Composed in autumn of 1881, Opus 61 is the last of Dvořák’s “middle” quartets by chronology for which Beethoven and Schubert served as the most significant models. Beethoven’s influence, from thematic development to motivic treatment, is particularly noticeable in this work in C major. It is only in the finale that the typical Slavic tonal quality usually found in Dvořák’s music surfaces somewhat more prominently. Due to a lack of time, the composer - contrary to his usual practice - turned to older, either discarded or hitherto unpublished themes from other works for three of the four movements.
This reliable Urtext edition continues the comprehensive Henle series of significant works of chamber music by Dvořák.
- String Quartet C major op. 61
The year 1878 marked a decisive turning point for Antonín Dvorák (1841–1904), for that is when he achieved his international breakthrough as a composer. The publication of the Moravian Duets op. 32 for female voices and the first series of Slavonic Dances op. 46 for piano duet were received with great enthusiasm by publishers, musicians and critics alike. The Slavic tone of … more
About the composer
With Smetana he is the most famous Czech composer of the nineteenth century, contributing to the dissemination and appreciation of Czech music throughout the world. Among his around 200 works, encompassing all standard genres, are nine symphonies, fourteen string quartets, and twelve operas.
|1841||Born in Nelahozeves (Mühlhausen) on the Vltava River on September 8, the son of a butcher and innkeeper.|
|1853||Attends the training school in Zlonice; there he receives a comprehensive musical education from Josef Toman and the cantor Antonín Liehmann; subsequent education in Česká Kamenice (1856–57).|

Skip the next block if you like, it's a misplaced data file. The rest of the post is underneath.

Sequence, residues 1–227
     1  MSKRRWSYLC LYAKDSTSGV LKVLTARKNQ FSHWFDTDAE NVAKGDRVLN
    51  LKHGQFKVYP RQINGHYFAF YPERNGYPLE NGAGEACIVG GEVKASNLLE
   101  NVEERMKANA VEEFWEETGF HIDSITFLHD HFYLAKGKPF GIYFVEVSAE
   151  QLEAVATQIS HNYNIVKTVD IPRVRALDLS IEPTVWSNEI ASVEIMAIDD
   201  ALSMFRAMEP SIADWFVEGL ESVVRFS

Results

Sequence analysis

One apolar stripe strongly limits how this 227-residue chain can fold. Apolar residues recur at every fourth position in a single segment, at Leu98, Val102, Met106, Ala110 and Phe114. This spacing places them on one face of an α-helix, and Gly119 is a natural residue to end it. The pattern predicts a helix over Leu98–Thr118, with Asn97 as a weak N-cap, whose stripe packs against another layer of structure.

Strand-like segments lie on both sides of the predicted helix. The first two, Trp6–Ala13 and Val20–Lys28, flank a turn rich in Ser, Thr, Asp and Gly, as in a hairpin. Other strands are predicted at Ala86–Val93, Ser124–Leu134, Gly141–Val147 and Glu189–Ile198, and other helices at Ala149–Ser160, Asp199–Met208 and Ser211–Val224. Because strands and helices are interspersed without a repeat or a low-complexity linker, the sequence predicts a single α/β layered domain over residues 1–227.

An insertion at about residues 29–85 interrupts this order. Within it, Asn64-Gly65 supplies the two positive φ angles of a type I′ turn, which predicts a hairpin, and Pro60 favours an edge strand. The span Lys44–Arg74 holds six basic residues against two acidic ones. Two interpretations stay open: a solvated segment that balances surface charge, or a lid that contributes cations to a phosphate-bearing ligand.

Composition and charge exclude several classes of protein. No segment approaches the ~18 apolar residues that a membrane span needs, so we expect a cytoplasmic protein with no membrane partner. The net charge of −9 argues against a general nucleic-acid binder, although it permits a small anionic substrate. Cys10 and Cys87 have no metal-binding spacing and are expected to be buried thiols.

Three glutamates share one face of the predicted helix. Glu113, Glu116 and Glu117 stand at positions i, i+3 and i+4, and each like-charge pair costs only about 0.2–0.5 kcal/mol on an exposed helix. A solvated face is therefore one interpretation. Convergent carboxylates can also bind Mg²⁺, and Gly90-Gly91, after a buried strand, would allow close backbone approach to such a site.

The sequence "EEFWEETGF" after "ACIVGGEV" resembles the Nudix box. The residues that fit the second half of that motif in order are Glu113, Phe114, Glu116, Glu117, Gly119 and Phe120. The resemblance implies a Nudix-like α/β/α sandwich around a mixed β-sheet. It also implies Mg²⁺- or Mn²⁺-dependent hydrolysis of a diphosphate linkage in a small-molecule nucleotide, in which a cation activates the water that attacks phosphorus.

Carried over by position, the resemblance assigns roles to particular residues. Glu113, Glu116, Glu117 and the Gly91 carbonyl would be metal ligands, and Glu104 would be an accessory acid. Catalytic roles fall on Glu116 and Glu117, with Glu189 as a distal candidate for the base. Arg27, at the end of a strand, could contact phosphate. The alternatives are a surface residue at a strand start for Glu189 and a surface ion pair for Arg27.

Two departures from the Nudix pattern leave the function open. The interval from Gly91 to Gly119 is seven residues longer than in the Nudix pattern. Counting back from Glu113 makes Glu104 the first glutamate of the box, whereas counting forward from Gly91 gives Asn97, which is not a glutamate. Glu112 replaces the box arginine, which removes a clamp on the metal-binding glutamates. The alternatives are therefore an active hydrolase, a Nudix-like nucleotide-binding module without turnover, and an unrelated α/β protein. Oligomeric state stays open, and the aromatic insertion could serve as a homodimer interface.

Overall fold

|1857–59||Studies at the organ school in Prague. Until 1871 he will earn his living as a music teacher, organist, and violist.|
|1861||String Quintet No. 1 in A minor, considered his first work.|
|1862||Position as solo violist in the orchestra of the Bohemian Provisional Theater (conducted by Smetana, among others)|
|1873||Breakthrough with the premiere in Prague of his patriotic hymn “The Heirs of the White Mountain,” Op. 30. Employment at the private Prague School of Music. Several state scholarships.|
|1874–77||Organist at St. Adalbert church.|
|from 1876||“Moravian Duets,” Opp. 20, 29, 32, and 38 (1876–77), “Slavonic Rhapsodies,” Op. 45 and the first series of “Slavonic Dances,” Op. 46 (both from 1878) enjoy great success. His fame abroad grows.|
|1882||Premiere of the opera “Dimitrij”, in the tradition of grand opera.|
|1884||First invitation to England, after which eight more will follow.|
|1886||Premiere of his oratorio “Saint Ludmila,” Op. 71.|
|1891||Professor of composition at the Prague Conservatory.|
|1891–95||Director of the National Conservatory of Music in New York.|
|1893||Premiere in New York of Symphony No. 9, “From the New World,” Op. 95 (American folkloric elements, cyclic techniques).|
|1901||Premiere in Prague of his most famous opera, “Rusalka.”|
|1904||Premiere in Prague of his last opera, “Armida.” Death in Prague on May 1.|